a tumblelog
Sun 01 Mar 2020

Unicode HOWTO

This HOWTO discusses Python’s support for the Unicode specification for representing textual data, and explains various problems that people commonly encounter when trying to work with Unicode.

Source: Unicode HOWTO.

PDF Syntax 101

Everything about the structure of a PDF is covered in the PDF Specification, although sometimes the PDF spec might be a bit vague, or the actual behavior, even in Adobe’s products, might differ slightly in the actual implementation. So when parsing a PDF, you’ll need to adjust for some edge cases and parse some things loosely, so as to not strictly reject everything that varies from the spec.

Since PSPDFKit already handles parsing and interpreting PDF files, even in the weirdest of edge cases, you don’t have to manually handle PDFs. But if you’re still interested in how a PDF looks under the hood and how the visual page representations are created, (be my guest and) read on.

Source: PDF Syntax 101, an article by Stefan Kieleithner.

Understanding Git Conceptually

The conclusion I draw from this is that you can only really use Git if you understand how Git works. Merely memorizing which commands you should run at what times will work in the short run, but it’s only a matter of time before you get stuck or, worse, break something.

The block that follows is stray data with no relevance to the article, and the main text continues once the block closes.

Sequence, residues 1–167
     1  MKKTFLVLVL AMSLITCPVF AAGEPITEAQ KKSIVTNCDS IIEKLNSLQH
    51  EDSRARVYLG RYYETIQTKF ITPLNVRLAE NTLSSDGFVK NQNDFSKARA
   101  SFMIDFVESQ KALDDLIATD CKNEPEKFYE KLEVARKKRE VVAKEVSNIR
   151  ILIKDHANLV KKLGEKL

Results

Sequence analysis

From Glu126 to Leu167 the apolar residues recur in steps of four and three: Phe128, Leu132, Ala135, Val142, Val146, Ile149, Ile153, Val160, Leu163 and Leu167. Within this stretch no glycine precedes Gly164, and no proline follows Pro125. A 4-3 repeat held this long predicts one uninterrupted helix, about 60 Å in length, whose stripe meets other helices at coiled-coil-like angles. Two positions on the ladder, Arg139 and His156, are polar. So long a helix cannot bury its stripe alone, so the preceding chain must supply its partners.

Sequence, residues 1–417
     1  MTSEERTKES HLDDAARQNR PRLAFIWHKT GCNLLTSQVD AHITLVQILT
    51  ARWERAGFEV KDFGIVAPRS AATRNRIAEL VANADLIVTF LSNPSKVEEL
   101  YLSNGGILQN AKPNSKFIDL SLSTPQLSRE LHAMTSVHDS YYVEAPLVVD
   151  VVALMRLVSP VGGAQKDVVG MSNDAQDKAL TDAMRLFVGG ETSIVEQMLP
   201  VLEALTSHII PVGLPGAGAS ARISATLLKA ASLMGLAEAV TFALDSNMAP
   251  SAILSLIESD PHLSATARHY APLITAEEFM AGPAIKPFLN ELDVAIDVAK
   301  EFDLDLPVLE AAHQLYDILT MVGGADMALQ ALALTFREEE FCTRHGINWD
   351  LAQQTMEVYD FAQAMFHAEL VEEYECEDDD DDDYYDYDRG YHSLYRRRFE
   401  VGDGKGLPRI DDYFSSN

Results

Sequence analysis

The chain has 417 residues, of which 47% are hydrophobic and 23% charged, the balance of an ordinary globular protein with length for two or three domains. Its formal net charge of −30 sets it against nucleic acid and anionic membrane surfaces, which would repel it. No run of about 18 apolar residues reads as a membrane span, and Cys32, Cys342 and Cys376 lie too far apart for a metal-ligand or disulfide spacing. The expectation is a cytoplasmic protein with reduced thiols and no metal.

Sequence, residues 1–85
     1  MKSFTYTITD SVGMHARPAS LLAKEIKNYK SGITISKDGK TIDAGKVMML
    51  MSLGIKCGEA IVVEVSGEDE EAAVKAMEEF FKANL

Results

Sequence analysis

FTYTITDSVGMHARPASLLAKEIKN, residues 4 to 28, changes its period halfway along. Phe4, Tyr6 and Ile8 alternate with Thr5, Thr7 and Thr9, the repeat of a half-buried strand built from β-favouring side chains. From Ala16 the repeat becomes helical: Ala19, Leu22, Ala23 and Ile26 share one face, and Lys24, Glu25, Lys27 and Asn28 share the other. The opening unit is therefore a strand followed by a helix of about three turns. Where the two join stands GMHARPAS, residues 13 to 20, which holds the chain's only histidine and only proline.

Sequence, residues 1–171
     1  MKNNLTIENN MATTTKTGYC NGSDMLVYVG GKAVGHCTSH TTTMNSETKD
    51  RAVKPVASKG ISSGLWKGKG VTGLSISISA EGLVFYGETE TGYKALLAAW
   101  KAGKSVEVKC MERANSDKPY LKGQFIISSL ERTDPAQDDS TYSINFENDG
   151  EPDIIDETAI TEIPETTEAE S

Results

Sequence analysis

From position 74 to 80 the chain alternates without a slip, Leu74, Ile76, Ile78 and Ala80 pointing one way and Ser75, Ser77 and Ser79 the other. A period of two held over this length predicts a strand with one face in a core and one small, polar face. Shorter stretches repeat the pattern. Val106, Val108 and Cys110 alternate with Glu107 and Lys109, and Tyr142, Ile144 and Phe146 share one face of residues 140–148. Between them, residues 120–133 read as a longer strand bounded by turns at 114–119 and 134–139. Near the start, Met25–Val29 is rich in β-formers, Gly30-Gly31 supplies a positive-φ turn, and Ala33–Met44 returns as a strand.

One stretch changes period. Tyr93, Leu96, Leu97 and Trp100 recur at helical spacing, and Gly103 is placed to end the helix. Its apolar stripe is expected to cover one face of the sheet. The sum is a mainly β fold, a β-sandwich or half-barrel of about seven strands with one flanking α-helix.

Half of the existing resources on Git, unfortunately, take just that approach: they walk you through which commands to run when, and expect that you should do fine if you just mimic those commands. The other half does go through all the concepts, but from what I have seen, they explain Git in a manner that assumes you already understand how Git works.

This tutorial, then, will take a conceptual approach to Git. My goal will be, first and foremost, to explain the Git universe and its objectives, and secondarily to illustrate how to use Git commands to manipulate that universe.

Source: Understanding Git Conceptually, an article by Charles Duan.